The U.S. Small Business Administration (SBA) has announced that multiple counties across four states are now eligible to apply for an Economic Injury Disaster Loan of up to $2 million.
More Small Businesses Eligible for Disaster Relief Due to Drought
The loans are only available to small non-farm businesses, small agricultural cooperatives and small businesses engaged in aquaculture, as well as most private non-profit organizations of any size. The funds should help businesses in Hawaii, Texas, Idaho and Kansas struck by recent natural disasters to meet their financial obligations and operating expenses.
SBA Disaster Loan Eligibility
Director Tanya N. Garfield of the SBA’s Disaster Field Operations Center-West explained the eligibility requirements: “Eligibility for these loans is based on the financial impact of the disaster only and not on any actual property damage.
“These loans have an interest rate of 2.94 percent for businesses and 1.875 percent for private nonprofit organizations, a maximum term of 30 years and are available to small businesses and most private non-profits without the financial ability to offset the adverse impact without hardship.”
Applicants can apply online as well as receive additional information or download applications at the SBA Disaster Loan Assistance website.
The loans have been offered to small non-farm businesses in three counties in Hawaii to help offset some of the economic losses caused by reduced revenues due to the droughts suffered in the Honolulu and Kalawao counties that began in March this year. The counties eligible for low-interest federal disaster loans from the U.S. Small Business Administration are:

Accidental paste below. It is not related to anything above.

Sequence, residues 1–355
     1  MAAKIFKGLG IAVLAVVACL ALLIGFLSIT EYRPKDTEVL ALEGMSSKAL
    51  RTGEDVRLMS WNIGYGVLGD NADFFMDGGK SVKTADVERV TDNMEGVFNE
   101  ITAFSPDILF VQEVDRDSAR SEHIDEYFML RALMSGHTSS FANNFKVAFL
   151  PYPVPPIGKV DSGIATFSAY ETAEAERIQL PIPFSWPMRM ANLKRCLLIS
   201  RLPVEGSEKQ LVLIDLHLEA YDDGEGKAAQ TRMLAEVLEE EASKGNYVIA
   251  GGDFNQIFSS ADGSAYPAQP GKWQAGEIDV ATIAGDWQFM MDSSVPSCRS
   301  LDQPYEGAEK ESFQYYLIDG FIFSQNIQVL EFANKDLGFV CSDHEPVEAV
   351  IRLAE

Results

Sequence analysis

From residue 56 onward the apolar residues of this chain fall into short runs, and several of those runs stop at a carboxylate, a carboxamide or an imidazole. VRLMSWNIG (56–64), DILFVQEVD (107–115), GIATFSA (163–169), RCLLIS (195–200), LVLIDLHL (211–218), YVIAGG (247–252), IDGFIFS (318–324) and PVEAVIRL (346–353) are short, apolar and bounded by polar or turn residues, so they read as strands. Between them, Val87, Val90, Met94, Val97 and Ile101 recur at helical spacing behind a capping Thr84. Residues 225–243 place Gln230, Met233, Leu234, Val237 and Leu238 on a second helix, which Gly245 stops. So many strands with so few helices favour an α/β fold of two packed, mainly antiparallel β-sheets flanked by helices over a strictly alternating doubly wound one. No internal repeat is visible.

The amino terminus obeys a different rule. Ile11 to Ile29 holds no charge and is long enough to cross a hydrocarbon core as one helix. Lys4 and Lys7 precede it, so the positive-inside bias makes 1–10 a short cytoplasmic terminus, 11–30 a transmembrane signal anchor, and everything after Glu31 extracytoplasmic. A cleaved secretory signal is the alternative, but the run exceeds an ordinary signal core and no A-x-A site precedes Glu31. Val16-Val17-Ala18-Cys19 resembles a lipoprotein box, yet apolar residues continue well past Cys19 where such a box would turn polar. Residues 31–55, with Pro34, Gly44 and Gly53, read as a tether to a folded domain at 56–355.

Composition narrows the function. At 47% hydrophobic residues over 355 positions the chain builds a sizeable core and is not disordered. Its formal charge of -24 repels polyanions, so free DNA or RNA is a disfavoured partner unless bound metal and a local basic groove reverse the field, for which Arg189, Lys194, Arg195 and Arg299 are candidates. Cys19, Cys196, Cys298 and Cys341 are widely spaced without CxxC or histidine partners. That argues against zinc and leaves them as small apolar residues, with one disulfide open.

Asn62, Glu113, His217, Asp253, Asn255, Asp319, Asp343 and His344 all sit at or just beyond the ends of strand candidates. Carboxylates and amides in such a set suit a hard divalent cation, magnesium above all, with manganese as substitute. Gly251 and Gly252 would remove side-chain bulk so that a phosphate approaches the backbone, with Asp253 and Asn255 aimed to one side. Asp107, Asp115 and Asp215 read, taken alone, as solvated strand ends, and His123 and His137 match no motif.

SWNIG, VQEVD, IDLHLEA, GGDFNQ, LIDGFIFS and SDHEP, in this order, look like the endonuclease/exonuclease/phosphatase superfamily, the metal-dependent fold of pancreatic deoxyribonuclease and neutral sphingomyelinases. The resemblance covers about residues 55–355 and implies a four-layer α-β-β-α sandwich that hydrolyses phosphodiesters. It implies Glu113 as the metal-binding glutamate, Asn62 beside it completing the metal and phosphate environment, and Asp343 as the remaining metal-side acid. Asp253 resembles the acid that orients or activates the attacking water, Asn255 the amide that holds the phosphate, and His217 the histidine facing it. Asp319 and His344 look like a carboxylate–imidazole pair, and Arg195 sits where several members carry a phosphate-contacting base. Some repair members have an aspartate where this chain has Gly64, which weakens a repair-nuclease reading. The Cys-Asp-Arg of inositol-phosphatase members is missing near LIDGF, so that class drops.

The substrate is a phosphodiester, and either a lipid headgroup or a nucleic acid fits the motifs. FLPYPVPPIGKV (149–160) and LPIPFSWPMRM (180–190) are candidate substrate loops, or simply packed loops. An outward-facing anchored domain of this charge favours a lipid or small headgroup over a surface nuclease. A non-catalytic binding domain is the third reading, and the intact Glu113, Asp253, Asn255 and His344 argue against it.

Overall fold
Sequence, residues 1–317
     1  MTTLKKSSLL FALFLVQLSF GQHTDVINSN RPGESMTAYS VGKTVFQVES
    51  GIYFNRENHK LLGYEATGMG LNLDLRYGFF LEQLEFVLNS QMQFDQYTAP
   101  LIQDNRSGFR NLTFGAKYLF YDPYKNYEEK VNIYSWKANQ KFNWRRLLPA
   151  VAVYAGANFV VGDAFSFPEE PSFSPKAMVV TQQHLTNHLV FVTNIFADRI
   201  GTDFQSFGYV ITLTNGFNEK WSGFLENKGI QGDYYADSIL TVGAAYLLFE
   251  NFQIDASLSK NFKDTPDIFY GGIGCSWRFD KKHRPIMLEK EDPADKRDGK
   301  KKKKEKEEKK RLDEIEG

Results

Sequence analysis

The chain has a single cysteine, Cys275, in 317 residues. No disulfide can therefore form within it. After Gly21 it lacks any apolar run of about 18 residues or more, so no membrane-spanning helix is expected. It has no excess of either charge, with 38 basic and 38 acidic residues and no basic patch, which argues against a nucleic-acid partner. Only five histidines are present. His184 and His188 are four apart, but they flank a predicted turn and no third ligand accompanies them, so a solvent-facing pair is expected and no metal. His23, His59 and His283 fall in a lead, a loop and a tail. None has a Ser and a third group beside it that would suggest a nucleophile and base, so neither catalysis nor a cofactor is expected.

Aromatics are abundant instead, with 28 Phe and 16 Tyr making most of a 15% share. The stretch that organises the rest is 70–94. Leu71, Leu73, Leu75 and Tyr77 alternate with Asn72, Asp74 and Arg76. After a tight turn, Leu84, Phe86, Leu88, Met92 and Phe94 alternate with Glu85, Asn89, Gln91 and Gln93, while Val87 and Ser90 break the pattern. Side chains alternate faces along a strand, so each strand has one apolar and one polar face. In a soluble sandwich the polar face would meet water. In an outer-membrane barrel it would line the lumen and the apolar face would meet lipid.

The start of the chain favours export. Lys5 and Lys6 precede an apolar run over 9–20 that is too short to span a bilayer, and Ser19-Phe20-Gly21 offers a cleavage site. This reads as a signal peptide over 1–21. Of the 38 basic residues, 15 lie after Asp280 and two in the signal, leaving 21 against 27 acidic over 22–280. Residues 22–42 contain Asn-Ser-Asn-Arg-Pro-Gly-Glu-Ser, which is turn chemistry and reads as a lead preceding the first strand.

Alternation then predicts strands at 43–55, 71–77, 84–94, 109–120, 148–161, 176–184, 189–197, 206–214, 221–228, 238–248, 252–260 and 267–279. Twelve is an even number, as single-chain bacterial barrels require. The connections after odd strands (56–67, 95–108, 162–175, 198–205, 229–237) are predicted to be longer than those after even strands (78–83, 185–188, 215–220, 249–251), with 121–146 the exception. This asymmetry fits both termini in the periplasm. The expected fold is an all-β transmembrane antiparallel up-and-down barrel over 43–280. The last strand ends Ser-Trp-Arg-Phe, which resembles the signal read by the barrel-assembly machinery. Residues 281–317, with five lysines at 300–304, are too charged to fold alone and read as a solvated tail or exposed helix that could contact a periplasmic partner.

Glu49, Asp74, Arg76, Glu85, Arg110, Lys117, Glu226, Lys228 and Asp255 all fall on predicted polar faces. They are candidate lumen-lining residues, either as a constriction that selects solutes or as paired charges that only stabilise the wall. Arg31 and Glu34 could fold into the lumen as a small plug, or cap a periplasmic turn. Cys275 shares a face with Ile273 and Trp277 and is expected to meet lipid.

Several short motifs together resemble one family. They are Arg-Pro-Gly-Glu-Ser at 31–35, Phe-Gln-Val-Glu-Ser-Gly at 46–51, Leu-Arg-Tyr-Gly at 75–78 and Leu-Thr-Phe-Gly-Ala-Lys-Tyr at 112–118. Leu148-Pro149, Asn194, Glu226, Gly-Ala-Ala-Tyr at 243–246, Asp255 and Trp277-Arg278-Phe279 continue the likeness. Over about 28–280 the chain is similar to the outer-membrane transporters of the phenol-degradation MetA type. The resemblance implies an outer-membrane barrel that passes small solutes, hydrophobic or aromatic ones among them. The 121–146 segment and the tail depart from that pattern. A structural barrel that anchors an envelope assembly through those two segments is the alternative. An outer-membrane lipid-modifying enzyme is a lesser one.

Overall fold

These Economic Injury Disaster Loans became possible in Hawaii after the recent drought was declared a disaster by the U.S. Secretary of Agriculture in May.
There are 22 counties in Texas where small non-farm businesses are now eligible to apply for low?interest federal disaster loans. These loans are also intended to help offset the economic losses caused by the drought that started in March. There are nine primary counties that are eligible, including:
There are also 13 neighboring counties that are also eligible, and include: Bee, Brazoria, Colorado, DeWitt, Goliad, Harris, Jefferson, Jim Wells, Kleberg, Lavaca, Liberty, San Patricio and Wharton.
Small non-farm businesses in five Idaho counties and two neighboring counties in Oregon are also now eligible to apply for low?interest federal disaster loans from the U.S. Small Business Administration. Again, the loans should be used to offset any economic losses or reduced revenues caused by the March drought. The five eligible counties in Idaho include one primary and four neighboring Idaho counties, including:
The two neighboring Oregon counties also now eligible are Baker and Wallowa.
Small non-farm businesses in five Kansas counties can also benefit from the SBA’s low?interest federal disaster loans. The drought hit hard in these counties too, so small businesses can use the loans to offset their economic losses caused by the disastrously dry weather. These counties include:
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